Degrees of Restructuring in Creole Languages

Degrees of Restructuring in Creole Languages

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Basic notions in the field of creole studies, including the category of "creole languages" itself, have been questioned in recent years: Can creoles be defined on structural or on purely sociohistorical grounds? Can creolization be understood as a graded process, possibly resulting in different degrees of "radicalness" and intermediate language types ("semi-creoles")? If so, by which linguistic structures are these characterized, and by which extralinguistic conditions have they been brought about? Which are the linguistic mechanisms underlying processes of restructuring, and how did grammaticalization and reanalysis shape the reorganization of linguistic, specifically morphosyntactic structures commonly called "creolization"? What is the role of language contact, language mixing, substrates and superstrates, or demographic factors in these processes? This volume provides select and revised papers from a 1998 colloquium at the University of Regensburg in which these questions were addressed. 19 contributions by renowned scholars discuss structural, sociohistorical and theoretical aspects, building upon case studies of both Romance-based and English-oriented creoles. This book marks a major step forward in our understanding of the nature of more

Product details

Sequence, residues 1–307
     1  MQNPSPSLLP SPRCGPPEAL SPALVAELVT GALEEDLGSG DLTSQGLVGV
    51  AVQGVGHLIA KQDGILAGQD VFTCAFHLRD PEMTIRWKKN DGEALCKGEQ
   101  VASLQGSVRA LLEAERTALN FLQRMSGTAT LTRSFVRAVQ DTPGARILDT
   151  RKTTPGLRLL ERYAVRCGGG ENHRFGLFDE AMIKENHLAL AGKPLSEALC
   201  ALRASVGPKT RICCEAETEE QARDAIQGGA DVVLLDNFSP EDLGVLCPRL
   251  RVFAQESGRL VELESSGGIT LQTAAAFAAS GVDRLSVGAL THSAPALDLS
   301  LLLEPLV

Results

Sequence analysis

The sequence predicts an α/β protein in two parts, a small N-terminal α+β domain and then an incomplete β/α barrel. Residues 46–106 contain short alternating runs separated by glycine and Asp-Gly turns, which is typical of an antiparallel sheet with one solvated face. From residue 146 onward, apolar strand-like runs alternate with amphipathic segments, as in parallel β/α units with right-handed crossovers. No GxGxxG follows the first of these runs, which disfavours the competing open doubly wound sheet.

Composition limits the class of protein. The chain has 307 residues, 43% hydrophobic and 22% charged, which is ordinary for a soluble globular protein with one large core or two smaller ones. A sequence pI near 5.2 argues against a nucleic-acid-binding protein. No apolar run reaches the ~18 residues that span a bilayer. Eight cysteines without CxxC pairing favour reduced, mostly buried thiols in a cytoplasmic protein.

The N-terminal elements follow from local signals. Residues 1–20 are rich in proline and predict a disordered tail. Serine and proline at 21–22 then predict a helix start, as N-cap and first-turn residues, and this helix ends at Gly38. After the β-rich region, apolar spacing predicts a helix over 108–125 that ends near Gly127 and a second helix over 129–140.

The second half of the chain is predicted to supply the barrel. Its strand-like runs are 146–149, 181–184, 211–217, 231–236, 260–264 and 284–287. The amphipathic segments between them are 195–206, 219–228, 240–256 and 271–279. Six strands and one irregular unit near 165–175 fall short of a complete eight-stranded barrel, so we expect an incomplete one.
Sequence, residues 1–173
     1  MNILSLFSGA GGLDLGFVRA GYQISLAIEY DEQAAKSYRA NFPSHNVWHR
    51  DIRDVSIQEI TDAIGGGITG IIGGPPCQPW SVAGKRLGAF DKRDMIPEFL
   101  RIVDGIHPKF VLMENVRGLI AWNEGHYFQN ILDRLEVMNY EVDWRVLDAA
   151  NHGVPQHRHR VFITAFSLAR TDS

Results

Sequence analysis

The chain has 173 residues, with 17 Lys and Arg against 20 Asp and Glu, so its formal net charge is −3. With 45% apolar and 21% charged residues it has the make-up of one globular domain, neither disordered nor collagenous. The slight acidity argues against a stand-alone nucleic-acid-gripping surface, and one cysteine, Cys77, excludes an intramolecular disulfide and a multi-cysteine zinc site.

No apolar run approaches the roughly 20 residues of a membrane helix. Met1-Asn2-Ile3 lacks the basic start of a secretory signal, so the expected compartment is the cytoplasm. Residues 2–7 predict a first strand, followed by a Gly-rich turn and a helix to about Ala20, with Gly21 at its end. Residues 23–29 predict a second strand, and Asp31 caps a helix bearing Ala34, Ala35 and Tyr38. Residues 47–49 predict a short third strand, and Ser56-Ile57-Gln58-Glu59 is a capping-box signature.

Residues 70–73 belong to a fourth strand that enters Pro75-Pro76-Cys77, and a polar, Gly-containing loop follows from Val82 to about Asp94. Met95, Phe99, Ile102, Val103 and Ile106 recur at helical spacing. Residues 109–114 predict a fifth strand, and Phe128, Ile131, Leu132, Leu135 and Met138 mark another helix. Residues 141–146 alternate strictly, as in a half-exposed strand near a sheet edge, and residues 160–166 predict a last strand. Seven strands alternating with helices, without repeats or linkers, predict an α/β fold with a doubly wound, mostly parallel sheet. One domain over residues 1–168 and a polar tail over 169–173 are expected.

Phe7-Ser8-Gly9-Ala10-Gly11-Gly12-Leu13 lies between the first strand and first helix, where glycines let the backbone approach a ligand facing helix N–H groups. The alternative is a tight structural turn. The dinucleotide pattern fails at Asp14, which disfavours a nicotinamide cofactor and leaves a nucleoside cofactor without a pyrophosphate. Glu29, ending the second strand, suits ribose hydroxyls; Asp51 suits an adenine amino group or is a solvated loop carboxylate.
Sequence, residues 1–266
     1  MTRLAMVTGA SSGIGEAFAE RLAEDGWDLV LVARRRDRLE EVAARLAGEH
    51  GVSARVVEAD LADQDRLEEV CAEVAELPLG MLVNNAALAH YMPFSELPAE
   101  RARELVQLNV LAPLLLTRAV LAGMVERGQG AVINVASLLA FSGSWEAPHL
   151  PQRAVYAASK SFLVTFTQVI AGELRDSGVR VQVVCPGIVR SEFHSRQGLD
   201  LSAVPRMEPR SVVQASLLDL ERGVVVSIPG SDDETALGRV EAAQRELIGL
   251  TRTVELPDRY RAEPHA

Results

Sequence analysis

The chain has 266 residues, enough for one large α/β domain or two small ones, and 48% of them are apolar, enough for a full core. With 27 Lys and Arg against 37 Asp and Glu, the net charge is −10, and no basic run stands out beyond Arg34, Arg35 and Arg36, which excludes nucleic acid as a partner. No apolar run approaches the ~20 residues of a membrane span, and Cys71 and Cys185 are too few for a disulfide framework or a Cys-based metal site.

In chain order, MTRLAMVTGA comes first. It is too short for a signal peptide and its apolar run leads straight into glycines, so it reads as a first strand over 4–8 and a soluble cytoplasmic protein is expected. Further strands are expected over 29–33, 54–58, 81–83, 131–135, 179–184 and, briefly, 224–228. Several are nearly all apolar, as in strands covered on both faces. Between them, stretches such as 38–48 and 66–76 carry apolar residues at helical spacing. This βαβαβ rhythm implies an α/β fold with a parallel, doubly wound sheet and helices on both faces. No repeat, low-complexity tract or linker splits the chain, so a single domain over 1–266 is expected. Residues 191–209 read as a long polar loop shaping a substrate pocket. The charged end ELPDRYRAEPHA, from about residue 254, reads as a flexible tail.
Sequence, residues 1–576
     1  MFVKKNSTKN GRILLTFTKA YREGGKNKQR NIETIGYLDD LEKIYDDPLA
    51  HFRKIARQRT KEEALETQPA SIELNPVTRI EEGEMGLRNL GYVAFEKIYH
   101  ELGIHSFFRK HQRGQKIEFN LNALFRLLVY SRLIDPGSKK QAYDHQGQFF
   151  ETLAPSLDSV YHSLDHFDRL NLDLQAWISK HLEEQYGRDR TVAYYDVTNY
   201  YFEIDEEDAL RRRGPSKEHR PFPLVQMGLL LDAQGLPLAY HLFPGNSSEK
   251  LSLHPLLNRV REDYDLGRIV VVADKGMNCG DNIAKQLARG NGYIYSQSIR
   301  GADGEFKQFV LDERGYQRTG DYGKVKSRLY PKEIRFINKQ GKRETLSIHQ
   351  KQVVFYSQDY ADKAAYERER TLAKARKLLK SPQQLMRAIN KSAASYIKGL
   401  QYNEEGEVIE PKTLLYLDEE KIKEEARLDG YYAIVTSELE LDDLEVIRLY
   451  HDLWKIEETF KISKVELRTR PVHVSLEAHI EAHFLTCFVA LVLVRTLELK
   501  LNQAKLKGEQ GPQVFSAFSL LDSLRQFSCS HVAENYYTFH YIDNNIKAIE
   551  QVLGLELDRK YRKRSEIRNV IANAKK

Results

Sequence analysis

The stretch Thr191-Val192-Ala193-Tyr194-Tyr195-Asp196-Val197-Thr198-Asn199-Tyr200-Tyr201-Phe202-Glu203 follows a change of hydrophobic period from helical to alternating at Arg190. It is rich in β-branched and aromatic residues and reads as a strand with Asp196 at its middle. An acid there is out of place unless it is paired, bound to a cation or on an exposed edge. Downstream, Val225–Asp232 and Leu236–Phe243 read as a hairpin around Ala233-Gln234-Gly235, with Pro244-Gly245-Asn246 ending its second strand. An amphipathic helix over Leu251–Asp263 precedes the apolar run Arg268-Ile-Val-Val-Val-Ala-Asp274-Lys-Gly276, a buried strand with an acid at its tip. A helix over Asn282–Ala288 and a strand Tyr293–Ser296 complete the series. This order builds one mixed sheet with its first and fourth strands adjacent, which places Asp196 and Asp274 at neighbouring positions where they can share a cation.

• Hardback | 492 pages
  • 106.68 x 406.4 x 30.48mm | 68.04g
  • John Benjamins Publishing Co
  • Amsterdam, Netherlands
  • English, French
  • 1588110397
  • 9781588110398

Table of contents

1. Introduction: "Degrees of restructuring" in creole languages? (by Neumann-Holzschuh, Ingrid); 2. State of the art; 3. Semi-creolization: Problems in the development of theory (by Holm, John); 4. Theory; 5. Theories of creolization and the degree and nature of restructuring (by Baker, Philip); 6. Creolization is a social, not a structural, process (by Mufwene, Salikoko S.); 7. Defining "creole" as a synchronic term (by McWhorter, John); 8. Opposite processes in "creolization" (by Alleyne, Mervyn C.); 9. Two types of restructuring in French creoles: A cognitive approach to the genesis of tens markers (by Detges, Ulrich); 10. The fate of subject pronouns: Evidence from creole and non-creole languages (by Michaelis, Susanne Maria); 11. Reassessing the role of demographics in language restructuring (by Parkvall, Mikael); 12. Case studies: English-based; 13. "Intermediate" creoles and degrees of change in creole formation: The case of Bajan (by Winford, Donald); 14. Differential creolization: Some evidence from Earlier African American Vernacular English in South Carolina (by Kautzsch, Alexander); 15. Restructuring in vitro? Evidence from Early Krio (by Huber, Magnus); 16. Phonological restructuring in creole: The development of paragoge in Sranan (by Plag, Ingo); 17. The development of the life form lexicon in Tok Pisin (by Muhlhausler, Peter); 18. Case studies: Romance-based; 19. Creolisation du francais et francisation du creole: Le cas de Saint-Barthelemy et de la Reunion (by Chaudenson, Robert); 20. Restructuration dans un creole "conservateur": Le cas du creole louisianais (by Neumann-Holzschuh, Ingrid); 21. The myth of decreolization: The anomalous case of Palenquero (by Schwegler, Armin); 22. Bozal Spanish: Restructuring or creolization? (by Lipski, John M.); 23. Centre africain et peripherie portugaise dans le creole santiagais du Cap Vert? (by Lang, Jurgen); 24. Subject Index; 25. Language Indexshow more